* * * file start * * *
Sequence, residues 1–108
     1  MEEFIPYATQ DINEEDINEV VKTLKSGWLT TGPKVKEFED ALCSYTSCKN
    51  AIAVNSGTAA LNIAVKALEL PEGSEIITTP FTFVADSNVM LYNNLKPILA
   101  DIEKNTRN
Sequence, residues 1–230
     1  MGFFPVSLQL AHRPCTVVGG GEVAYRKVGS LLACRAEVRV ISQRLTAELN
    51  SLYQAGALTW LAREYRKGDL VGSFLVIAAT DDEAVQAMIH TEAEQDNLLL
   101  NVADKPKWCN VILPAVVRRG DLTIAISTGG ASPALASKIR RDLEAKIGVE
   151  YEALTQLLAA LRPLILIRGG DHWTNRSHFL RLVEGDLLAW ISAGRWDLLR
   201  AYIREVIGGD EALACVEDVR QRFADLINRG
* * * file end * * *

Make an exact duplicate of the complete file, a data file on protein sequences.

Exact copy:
Sequence, residues 1–108
     1  MEEFIPYATQ DINEEDINEV VKTLKSGWLT TGPKVKEFED ALCSYTSCKN
    51  AIAVNSGTAA LNIAVKALEL PEGSEIITTP FTFVADSNVM LYNNLKPILA
   101  DIEKNTRN
Sequence, residues 1–230
     1  MGFFPVSLQL AHRPCTVVGG GEVAYRKVGS LLACRAEVRV ISQRLTAELN
    51  SLYQAGALTW LAREYRKGDL VGSFLVIAAT DDEAVQAMIH TEAEQDNLLL
   101  NVADKPKWCN VILPAVVRRG DLTIAISTGG ASPALASKIR RDLEAKIGVE
   151  YEALTQLLAA LRPLILIRGG DHWTNRSHFL RLVEGDLLAW ISAGRWDLLR
   201  AYIREVIGGD EALACVEDVR QRFADLINRG